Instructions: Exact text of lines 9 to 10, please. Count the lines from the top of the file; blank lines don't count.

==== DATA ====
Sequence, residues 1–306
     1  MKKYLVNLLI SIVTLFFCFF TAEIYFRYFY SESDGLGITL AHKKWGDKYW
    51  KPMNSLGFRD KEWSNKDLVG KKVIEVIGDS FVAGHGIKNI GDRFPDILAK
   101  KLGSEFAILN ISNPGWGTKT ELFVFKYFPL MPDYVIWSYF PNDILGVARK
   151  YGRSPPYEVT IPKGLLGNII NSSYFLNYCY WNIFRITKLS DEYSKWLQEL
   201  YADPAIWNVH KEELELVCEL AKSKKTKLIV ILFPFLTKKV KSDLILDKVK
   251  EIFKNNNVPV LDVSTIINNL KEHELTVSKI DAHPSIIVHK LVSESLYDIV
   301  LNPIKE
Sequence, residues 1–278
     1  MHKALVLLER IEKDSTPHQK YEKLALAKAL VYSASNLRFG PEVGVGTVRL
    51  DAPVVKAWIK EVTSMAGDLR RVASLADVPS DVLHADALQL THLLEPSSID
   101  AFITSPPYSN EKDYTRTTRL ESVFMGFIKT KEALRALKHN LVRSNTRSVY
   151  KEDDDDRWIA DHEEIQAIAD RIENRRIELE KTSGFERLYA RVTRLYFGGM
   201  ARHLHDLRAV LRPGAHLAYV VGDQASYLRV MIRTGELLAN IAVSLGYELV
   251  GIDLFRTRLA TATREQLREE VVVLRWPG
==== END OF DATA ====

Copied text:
Sequence, residues 1–278
     1  MHKALVLLER IEKDSTPHQK YEKLALAKAL VYSASNLRFG PEVGVGTVRL